by Leonard Bird (read June 2006)
Very enlightning. I've read several books about what happened in China under the rule of Mao ZeDung and was appalled at his treatment of his own countrymen. Paper Cranes is a foldover story about the personal effects of the atom bomb on U.S. soldiers forced to watch the detenation of several bombs in the Nevada desert and the Hibakusha, survivors of the bomb, in Hiroshima. This is a slim book with a powerful message that every American should read. Bird doesn't dodge punches about the horror administered to him and other soldiers or the devastating effects of the bomb on Hiroshima, but he also helps us understand why Truman may have felt the only answer to end the war was to use the atomic bomb. In addition to his adept writing, Bird also includes a few of his poems that vividly and powerfully add to the overall effect. I rate this book a resounding 5.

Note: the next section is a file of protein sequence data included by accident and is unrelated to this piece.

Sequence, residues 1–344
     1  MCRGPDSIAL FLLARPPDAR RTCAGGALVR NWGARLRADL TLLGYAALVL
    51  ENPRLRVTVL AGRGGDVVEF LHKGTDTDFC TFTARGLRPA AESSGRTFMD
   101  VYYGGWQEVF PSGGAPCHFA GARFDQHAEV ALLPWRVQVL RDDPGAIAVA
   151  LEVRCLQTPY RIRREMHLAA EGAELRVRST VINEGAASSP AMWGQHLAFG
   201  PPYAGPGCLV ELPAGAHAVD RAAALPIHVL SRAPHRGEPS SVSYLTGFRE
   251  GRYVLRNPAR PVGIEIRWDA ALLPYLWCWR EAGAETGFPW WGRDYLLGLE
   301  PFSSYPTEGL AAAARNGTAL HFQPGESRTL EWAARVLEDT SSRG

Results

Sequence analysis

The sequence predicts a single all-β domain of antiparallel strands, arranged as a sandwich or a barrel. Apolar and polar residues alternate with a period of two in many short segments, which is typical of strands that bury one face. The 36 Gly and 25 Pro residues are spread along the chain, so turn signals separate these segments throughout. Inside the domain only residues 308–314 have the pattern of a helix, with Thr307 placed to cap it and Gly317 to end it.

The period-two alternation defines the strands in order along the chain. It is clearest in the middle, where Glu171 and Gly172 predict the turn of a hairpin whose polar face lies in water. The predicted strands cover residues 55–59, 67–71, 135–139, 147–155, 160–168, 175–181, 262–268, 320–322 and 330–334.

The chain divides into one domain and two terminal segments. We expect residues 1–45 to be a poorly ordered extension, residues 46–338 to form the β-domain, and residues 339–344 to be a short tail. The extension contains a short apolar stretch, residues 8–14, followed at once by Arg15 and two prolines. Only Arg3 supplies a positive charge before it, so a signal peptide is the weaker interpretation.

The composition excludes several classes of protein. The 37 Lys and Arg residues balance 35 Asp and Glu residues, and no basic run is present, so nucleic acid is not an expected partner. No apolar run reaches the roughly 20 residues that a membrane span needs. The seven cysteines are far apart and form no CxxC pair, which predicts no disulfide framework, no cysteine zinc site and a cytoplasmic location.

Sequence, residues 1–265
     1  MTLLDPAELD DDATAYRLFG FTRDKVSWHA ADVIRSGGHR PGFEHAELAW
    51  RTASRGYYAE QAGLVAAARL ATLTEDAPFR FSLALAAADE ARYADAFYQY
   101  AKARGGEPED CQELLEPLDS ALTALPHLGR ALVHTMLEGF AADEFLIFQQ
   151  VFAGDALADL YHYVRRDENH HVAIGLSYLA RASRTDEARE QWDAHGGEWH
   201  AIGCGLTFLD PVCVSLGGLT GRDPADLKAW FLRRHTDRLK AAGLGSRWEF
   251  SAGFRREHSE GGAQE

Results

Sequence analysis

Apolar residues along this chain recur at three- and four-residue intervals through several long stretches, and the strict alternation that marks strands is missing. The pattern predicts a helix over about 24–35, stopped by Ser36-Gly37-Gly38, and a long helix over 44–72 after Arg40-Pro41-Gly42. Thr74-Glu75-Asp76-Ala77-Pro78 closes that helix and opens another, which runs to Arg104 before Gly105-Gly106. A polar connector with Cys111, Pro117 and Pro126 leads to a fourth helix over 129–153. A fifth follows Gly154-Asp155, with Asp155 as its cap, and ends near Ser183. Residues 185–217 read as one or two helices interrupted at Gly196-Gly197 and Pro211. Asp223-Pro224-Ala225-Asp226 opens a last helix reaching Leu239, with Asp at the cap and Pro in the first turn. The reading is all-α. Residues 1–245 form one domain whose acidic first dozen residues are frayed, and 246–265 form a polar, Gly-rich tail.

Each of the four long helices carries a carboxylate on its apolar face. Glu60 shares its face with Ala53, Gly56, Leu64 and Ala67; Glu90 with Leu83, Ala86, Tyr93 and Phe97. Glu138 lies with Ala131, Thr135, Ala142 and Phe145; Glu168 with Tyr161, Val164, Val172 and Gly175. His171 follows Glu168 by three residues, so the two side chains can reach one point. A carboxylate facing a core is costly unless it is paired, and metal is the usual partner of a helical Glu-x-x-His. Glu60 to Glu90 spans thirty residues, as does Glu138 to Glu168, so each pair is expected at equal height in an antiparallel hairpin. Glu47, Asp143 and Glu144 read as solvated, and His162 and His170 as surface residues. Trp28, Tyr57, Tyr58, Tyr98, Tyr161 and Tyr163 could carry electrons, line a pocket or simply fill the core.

While visiting Hiroshima, Bird meets a former captain in the Imperial Army during WWII who lost his wife and children to the atom bomb that fell on Hiroshima. These men discussed their pain, but Tanaka also taught Bird about hope. On one visit Tanaka said, "Your Jesus said we will never know the time until it comes. In the meantime we light our lamps. In Buddism, too, light is necessary. It is important to shed a little light."
As Bird was flying home he had this thought: "Though sometimes inevitable and unconquerable, despair is a slough in which one wallows and ultimately suffocates. Hope is a beacon that, however weakly it may sometimes shine, leads us toward life. That frail beacon encourages us to act in good faith."